“My life has been one of roaming as my family relocated many times ” says photographer R. J. Kern, who is finally putting down roots

in Minneapolis. Something he felt needed amending was the awareness that he was yet to feel any real connection with a place enough to call it home. “Over the years the roaming has evolved into seeking” says the artist. Over the past five years he travelled to Norway, Germany, Ireland and Iceland to “investigate his ancestral, pastoral roots”. Upon arriving in these countries he noticed the way in which the people and their environment supported bovidae: goats, sheep and rams. “The hoofed animals are both banal and mythical” says R. J. Kern, who found that he shared a special affinity with these animals which, like him, spent most of their life on the move. Divine Animals: The Bovidae is the result of R. J. Kern’s attempt to interpret the world by making connections.

Whatever we do in life, we often see the world from the perspective of our passion. A skater sees a park railing or bench as a potential obstacle for grinding, a writer eavesdrops on the conversation of others and develops what they hear into a story, a photographer sees the world as if through a lens. R. J. Kern’s means of interpreting the world is clearly influenced by his passion for geography; unsurprising given that he majored in Art & Art History and Environmental Geography. From this unique perspective he moulded himself an anchor; at a personal level this was fundamental as he began to start a family and create a home for them. “The exploration of my ancestry and cultural heritage through photography has created a thread of connectivity from past to present” explains the photographer.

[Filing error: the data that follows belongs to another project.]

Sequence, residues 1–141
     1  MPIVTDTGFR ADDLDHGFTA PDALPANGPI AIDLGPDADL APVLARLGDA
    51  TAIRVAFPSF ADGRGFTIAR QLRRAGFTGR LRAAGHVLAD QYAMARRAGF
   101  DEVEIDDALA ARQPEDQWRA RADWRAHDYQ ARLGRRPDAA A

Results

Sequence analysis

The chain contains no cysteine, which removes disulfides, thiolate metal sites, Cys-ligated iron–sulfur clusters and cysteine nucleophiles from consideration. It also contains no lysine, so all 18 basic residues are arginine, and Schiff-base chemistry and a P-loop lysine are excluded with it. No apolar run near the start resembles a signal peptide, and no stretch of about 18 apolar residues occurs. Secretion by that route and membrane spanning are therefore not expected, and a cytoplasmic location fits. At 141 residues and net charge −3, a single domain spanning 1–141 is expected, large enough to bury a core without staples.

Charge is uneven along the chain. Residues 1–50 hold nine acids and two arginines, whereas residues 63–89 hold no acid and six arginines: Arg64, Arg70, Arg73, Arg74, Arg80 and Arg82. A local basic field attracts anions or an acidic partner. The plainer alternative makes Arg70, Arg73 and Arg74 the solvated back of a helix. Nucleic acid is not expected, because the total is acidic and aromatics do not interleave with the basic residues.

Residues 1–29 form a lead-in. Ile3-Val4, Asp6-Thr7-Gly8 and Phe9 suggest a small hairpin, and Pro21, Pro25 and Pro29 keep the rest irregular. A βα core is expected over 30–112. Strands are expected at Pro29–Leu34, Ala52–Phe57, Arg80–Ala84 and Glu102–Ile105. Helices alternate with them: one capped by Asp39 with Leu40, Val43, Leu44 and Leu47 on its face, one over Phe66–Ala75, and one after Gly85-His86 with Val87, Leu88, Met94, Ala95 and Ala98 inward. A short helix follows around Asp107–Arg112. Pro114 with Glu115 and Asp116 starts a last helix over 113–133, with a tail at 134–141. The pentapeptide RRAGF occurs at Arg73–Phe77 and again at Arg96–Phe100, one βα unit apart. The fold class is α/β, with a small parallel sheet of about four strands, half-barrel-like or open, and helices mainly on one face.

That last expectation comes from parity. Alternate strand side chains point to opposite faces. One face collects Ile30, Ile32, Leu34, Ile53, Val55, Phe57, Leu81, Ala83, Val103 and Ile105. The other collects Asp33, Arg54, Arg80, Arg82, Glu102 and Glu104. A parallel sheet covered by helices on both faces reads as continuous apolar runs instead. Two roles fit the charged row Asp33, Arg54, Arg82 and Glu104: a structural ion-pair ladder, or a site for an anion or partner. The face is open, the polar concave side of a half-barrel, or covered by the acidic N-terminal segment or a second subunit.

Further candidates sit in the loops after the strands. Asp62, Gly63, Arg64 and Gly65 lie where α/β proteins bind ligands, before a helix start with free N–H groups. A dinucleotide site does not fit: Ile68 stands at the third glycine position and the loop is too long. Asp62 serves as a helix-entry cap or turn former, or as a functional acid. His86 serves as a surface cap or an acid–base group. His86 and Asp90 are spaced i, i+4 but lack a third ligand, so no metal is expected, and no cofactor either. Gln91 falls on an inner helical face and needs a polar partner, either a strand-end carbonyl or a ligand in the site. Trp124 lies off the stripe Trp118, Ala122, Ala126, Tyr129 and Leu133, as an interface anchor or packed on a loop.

Travelling to the countries where he identified these roots, R. J. Kern was struck by the number of goats, sheep and rams. Sheep and rams have an entrenched place in human society — for centuries these have shaped and been shaped by their landscapes and have proved a major source of income and sustenance. Their image is reminiscent of the pastoral landscapes they occupy and Arcadia, the Greek vision of harmony in nature; a winged-ram with gold-hair sought by Jason and the Argonauts is a prominent figure in the tale of the Golden Fleece. “My attraction to these animals springs from an affinity for their calm presences and their innate functional beauty” says the artist.

To capture these animals against the pastoral landscape they inhabit, R. J. Kern sought assistance from locals and often their herd dogs who had experience mustering sheep and cattle. He used a medium format camera with studio lighting equipment, the lighting and composition inspired by painters Albert Bierstadt, Thomas Sidney Cooper, William Holman Hunt, and John Everett Millais along with photographers from the Pictorialist movement.

In his future work, R. J. Kern hopes to further explore how we perceive animals in their man-made habitats, how humans manipulate their own environments, and how we too evolve to survive in our surroundings. Despite being a photographer concerned about environment issues, he is not interested in turning his lens towards oil spills or scars on the land. His interest lies in the way in which animals such as the sheep, rams and goats we see in his images have been domesticated by humans: “How have we influenced their evolution? What are they becoming?”.









All images © R. J. Kern

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